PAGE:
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    Temazepam can be a tricky drug... I find it has a relatively short window for activation - between 20 and 30-40 minutes... if I miss it, the tablet has little of no effect. Other complicating factors might include how full I am before taking the pill. Given it's short acting and you can wake up from it fairly easily, I like it for air travel... in the event you needed to be alert for an emergency, temazepam isn't too strong to hinder that.

    For me temazepam + ear-plugs + eye-mask works quite well!
     
  12. Haplo

    Haplo Member

    Feb 28, 2015
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    For me: eat at the group lounge and pass the food on the air - apparently I was told your organs shutdown at high altitude so nothing you eat on the plane actually pass through your body system until you are on the ground.
     
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  13. leadman

    leadman Active Member

    Apr 11, 2012
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    i spend around 20 - 25 nights a year on a plane and previously I took the Sleeping Aid from Target in the US. Just a drowsy antihistamine which worked 80% of the time and non additive. For the past 3 years I just let the body do what the body wants to do. On the *:10 early flight from BKK to MEL yesterday i slept for 5 hours but now really out of wack; just a penalty you pay for all the travel.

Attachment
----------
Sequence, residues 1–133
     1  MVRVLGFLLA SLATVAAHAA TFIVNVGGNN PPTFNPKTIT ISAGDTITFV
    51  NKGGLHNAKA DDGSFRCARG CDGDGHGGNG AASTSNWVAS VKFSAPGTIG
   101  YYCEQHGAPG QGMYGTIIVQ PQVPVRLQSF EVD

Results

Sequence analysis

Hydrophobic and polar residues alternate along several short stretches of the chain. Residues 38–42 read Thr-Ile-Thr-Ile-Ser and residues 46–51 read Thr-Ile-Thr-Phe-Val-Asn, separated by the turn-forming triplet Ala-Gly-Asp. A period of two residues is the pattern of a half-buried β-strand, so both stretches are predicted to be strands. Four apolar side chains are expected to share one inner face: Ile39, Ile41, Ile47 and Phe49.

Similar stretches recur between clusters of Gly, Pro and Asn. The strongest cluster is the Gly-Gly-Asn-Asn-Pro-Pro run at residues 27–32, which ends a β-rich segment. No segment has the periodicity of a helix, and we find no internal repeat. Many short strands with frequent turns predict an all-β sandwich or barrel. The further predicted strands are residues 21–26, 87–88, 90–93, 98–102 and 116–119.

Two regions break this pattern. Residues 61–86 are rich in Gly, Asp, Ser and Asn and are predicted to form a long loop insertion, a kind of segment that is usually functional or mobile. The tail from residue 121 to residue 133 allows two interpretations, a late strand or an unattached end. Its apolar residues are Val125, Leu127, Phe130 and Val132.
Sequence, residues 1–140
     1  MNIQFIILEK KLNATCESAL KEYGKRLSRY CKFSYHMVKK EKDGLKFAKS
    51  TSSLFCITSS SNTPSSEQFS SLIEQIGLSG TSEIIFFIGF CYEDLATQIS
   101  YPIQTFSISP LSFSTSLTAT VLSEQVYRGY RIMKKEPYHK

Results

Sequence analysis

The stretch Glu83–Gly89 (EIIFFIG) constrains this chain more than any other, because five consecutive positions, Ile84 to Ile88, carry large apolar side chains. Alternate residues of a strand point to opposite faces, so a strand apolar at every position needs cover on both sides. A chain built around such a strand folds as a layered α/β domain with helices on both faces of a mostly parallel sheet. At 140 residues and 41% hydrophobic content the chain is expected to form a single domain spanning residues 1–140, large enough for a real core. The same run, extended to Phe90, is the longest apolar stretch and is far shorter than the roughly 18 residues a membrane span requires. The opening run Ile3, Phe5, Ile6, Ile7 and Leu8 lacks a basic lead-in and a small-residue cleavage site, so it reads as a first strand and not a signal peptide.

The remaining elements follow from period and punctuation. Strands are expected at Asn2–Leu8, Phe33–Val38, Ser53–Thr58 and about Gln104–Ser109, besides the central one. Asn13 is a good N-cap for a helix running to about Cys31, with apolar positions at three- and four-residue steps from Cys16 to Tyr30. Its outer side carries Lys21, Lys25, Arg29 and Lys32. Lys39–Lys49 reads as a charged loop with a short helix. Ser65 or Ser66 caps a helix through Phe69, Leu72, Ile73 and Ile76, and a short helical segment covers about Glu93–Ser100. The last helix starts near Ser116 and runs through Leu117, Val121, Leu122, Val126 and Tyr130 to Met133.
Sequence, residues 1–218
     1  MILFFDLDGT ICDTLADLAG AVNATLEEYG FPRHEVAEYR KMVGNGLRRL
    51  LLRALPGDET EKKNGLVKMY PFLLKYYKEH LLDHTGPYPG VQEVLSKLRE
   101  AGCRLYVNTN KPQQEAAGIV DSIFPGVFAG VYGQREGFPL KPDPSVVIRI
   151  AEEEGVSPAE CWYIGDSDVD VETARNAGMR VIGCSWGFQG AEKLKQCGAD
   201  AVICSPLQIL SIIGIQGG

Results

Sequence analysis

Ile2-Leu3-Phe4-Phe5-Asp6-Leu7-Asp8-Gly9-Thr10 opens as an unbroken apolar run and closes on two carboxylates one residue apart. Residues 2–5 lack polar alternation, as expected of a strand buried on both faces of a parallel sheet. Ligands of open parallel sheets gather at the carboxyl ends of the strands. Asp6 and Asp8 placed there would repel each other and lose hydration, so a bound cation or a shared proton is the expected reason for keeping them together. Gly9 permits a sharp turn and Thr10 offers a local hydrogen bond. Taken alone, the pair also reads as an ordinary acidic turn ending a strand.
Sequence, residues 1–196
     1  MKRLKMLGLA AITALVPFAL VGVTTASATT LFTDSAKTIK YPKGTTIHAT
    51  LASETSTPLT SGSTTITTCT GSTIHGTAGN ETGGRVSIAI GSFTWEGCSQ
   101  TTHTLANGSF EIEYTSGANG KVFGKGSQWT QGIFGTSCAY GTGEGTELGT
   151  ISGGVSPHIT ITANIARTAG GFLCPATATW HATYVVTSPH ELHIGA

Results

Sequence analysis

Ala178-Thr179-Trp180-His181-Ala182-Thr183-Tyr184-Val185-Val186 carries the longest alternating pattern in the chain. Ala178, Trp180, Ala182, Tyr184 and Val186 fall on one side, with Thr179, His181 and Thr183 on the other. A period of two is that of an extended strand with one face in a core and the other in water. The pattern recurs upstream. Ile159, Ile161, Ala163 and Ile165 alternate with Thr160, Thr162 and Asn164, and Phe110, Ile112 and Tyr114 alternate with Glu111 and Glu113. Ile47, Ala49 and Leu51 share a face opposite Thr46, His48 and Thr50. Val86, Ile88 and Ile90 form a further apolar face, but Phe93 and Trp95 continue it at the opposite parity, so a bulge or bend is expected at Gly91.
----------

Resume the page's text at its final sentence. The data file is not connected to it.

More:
Others will disagree, but i don't recommend taking anything, just listen to the body.
     
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  14. juddles

    juddles Established Member

    Aug 2, 2011
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    dhein,

    The answer is fairly simple - flight is not natural, nor is sleeping in an unfamiliar place surrounded by people and unusual noises. And no matter how "far up the front" you are, they are all seats, not beds.

    Think of it - for all the fancy gadgets and covers and stuff, there is not a First Class seat in the sky that equals a decent normal single bed in a quiet familiar bedroom.

    There are people who can literally sleep on anything, anytime, anywhere. But we are not all the same. I have a hideous problem - I am 6'7" and only like sleeping face down. And being so blooming tall my usual habit, which my body is accustomed to, is not only sleeping face down, but having my feet out of the end of the bed. Try that one on any airline seat/bed!!
     
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  15. dhein

    dhein Junior Member

    Aug 14, 2015
    15
    5
    Adelaide
    juddles

    Well said, and good to know I’m not the only one!
     
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  16. Princess Fiona

    Princess Fiona Senior Member

    May 22, 2009